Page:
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Beyer Laser Center, LLC v. Polomsky

United States District Court, D. Colorado

October 25, 2019

BEYER LASER CENTER, LLC, and CRAIG F. BEYER, Plaintiffs/Counterclaim Defendants,
MATEJ POLOMSKY, Defendant/Counter Claimant.



         Before the Court is Plaintiffs Beyer Laser Center, LLC, and Craig F. Beyer's Motion for Summary Judgment (ECF 151). Plaintiffs seek summary judgment in their favor on Defendant's two remaining counterclaims: Claim 3 for abuse of process, and Claim 6 for violation of the Colorado Consumer Protection Act (“CCPA”).[1] For the reasons that follow, the Motion is granted.


         The Court makes the following findings of fact viewed in the light most favorable to Defendant, who is the non-moving party in this matter.

         1. Plaintiff Craig F. Beyer is an ophthalmologist who practices at Plaintiff Beyer Laser Center (“BLC”). ECF 150 ¶ 1; ECF 166 ¶ 1.

         2. From April to October 2012, Katherine Homan was BLC's Refractive Services Director. When a prospective patient first contacted BLC, Ms. Homan would inform the patient of the available treatment options. Among these options, she would describe the differences between “conventional” and “custom” treatments. ECF 150-10 ¶¶ 2-3.

         3. In Discussing options, Ms. Homan would use handouts that contained pricing programs and videos created by manufacturers. ECF 150-11 at 44:3-46:1.

         4. BLC also distributed material that contained the following when a patient was choosing his or her desired procedure:

As of June 2003, the FDA approved a more expensive “customized” approach to LASIK surgery called “WavePrint” or “CustomVue.” Unlike the “Traditional” treatment, “the CustomVue WavePrint refractive technology provides a WavePrint Map - a unique fingerprint of the patient's vision that displays the refractive errors and aberrations of the eye. This information is directly entered into the laser allowing an extremely precise, customized treatment for your eye.

ECF 150-5.

         5. In 2011, Dr. Beyer hired Dr. Polomsky for a fellowship at BLC, which would begin upon Dr. Polomsky's completion of his residency in the summer of 2012. ECF 150 ¶ 1; ECF 166 ¶ 1.

         6. In October 2012, Dr. Richard Stewart, another ophthalmologist at BLC, filed a complaint with the Colorado Medical Board (“CMB”) accusing Dr. Beyer of obtaining patients' consent for a specific procedure and then “ultimately performing an entirely different procedure.” ECF 150-20 at 5; ECF 166 ¶ 21. In the Complaint, Dr. Stewart stated that Dr. Beyer had been “substituting the PTK cards for PRK/LASIK cards and passing this off to patients as refractive surgery.” ECF 150-20 at 6.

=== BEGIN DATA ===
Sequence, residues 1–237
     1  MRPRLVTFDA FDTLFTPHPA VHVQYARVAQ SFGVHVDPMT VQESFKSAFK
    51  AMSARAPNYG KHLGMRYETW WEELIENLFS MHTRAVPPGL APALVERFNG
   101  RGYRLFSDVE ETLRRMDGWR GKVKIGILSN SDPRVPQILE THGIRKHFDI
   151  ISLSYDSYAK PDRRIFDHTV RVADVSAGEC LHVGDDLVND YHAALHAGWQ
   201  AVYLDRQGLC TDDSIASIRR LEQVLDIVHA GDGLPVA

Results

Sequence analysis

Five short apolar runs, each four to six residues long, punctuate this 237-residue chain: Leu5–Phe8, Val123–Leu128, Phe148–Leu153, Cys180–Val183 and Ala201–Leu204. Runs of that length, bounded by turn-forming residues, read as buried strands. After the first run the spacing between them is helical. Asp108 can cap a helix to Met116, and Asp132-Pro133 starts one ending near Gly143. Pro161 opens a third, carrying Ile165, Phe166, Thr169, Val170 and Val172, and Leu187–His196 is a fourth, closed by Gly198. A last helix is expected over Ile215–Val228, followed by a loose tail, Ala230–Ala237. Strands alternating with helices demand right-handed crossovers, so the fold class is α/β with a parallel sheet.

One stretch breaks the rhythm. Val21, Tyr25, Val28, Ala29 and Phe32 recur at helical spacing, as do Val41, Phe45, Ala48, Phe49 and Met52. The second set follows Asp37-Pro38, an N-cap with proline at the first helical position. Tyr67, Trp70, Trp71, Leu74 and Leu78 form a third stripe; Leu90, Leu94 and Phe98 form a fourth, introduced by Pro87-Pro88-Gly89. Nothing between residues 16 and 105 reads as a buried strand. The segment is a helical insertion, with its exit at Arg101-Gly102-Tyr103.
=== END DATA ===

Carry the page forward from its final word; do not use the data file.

7. In November 2012, Dr. Polomsky filed a similar complaint with the CMB. In this document, Dr. Polomsky reported that Dr. Beyer “ha[d] been switching laser vision correction treatment cards without patients' knowledge or permission.” ECF 150-19; see ECF 150 ¶ 19 and ECF 166 ¶ 19. He stated further that the “switched treatment cards were of inferior quality to what the patient asked for, had been consented for, and paid for.” ECF 150-19.

         8. On December 24, 2012, a third complaint regarding Dr. Beyer was filed anonymously with the CMB. ECF 195 ¶ 1; ECF 201 at 2.

         9. Dr. Polomsky determined to end his fellowship at BLC “early” based on “a lot of things, ” including the “stress” of being “associated with Dr. Beyer, ” who he believed to be “committing fraud.” ECF 150-57 at 34:4-7, 35:18-25, 36:1. Beginning August 20, 2012, Dr. Polomsky worked with a “head-hunter” and on his own to seek alternate employment; he interviewed with an ophthalmology practice in Wilmington, North Carolina in November 2012 and accepted its offer in December 2012 for a position with a starting salary of $120, 000. ECF 166-28 at 6.

         10. On March 13, 2015, the CMB suspended Dr. Beyer's license to practice medicine. In the Order of Suspension, the CMB stated it determined it had “reasonable grounds” to conclude Dr. Beyer had “deliberately and willfully violated” ethical standards based on his practice of using PTK cards to perform PRK or Lasik procedures. ECF 150-21 at 1-2. The letter stated the suspension was “pending proceedings for suspension or revocation.” Id. at 2. The notice informed Dr. Beyer that he “may request a hearing” before the CMB to argue “why the suspension should be set aside.” Id. at 3.

         11. At the hearing held on April 9, 2015, the CMB “reviewed and considered new information regarding th[e] matter” and concluded the suspension “should be terminated.” It thereby reinstated Dr. Beyer's license to “active and in good standing.” ECF 150-22 at 1-2.

         12. There is no dispute that during the relevant period, Dr. Beyer used PTK cards to perform PRK procedures. Dr. Beyer continued to do so after the CMB terminated his suspension. ECF 150-3 at 189:8-13.

         13. On June 22, 2015, Plaintiffs initiated a lawsuit in Boulder County, Colorado District Court against Dr. Stewart and “John Doe” based on claims related to the suspension of Dr. Beyer's license (the “First Lawsuit”). ECF 151 ¶ 26; ECF 163 ¶ 26.

         14. Plaintiffs learned during discovery in the First Lawsuit of Dr. Polomsky's CMB complaint. ECF 151 ¶ 30.[2]

         15. Plaintiffs initiated this action against Dr. Polomsky on October 27, 2016, in Boulder County District Court, ECF 4. Dr. Polomsky timely removed the action to this Court, ECF 1.

         LEGAL ...

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